Special Education Flourishes at AHS

Special Education teachers, paras, and students find a safe environment in room 514.


Isabelle Symonds

Room 514 is equipped with all of the essentials for students to learn life skills.

Isabelle Symonds

You may be wondering what goes on in room 514 at AHS, the special education room. Special education is the practice of educating students in a way that accommodates their individual differences, disabilities, and special needs. 

In the special education room, Cecily McCuen teaches levels two and three. She teaches core classes like math, reading, social studies, and science while also teaching others like spelling, handwriting, and life skills. Life skills is a class preparing students for life after high school. It consists of things like interpersonal skills, which are how to communicate with others, being assertive, study skills, personal appearance, and housekeeping. McCuen also prepares them for future jobs by practicing interviews and applications. They learn how to handle money, along with bank skills, how to write checks, and how to pay bills. At the beginning of the second semester, McCuen teaches a growth mindset course to help students get back in the “groove” after Christmas break.

They have a food management class where students learn how to cook simple meals in the classroom kitchen. Then, at the end of the year, they have a driving course that is not certified, but McCuen tries to get them prepared for driver’s education. She records most of her classes on zoom so students who aren’t in the room while she is teaching still have the opportunity to learn it without her having to teach it all over again. Once McCuen feels like students are ready, they will go to general education classes at AHS and learn in that environment with a paraprofessional.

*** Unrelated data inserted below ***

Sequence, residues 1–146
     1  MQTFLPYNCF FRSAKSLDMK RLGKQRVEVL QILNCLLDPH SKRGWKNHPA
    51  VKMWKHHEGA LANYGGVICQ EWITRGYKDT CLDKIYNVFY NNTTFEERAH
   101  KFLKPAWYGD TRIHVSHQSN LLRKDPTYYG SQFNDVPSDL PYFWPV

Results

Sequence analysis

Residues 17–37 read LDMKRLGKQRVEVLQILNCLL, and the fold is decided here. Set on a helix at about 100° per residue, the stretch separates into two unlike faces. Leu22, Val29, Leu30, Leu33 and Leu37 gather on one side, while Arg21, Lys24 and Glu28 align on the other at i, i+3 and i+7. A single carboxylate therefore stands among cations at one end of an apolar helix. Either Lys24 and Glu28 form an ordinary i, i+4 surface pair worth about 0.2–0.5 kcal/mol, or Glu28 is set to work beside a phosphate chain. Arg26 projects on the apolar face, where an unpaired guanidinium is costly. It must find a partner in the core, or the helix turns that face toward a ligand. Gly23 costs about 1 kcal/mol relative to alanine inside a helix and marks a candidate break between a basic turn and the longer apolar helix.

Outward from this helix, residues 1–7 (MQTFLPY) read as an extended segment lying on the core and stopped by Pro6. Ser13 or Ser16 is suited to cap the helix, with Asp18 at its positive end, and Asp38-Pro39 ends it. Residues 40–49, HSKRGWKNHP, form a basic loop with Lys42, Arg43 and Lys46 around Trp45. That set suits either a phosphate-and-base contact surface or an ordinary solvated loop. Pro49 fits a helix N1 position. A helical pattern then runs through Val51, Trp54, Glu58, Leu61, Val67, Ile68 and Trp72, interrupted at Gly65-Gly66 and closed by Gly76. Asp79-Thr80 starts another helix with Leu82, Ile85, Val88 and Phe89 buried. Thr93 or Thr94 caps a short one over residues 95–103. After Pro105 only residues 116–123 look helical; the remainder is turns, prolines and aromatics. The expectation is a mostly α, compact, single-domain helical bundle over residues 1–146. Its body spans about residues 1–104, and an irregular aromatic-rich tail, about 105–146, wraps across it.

Some struggles for the special education staff are how some students treat their special education peers. Para Kerry Jepsen said, “I feel [gen ed students] don’t understand [special education students] enough.” Another struggle is the lack of support and lack of opportunities gen ed teachers give special ed students and paras. Sometimes things happen at school or at home to students that the paras and teachers don’t find out about until later, and they wish they could have done something differently to help them out. 

McCuen said that sometimes they get caught up in managing the room and teaching and that they sometimes forget to ask students how they are. She said, “We have to do the academics but we have to be their people too.” For most staff in the special education room, the students are their favorite part of their job. Whether that means getting to see the light go off when students understand something or just being around the positivity in the classroom.

All in all, room 514 is a safe space for AHS’s special ed students. McCuen said, “If you don’t feel safe, you can’t learn.”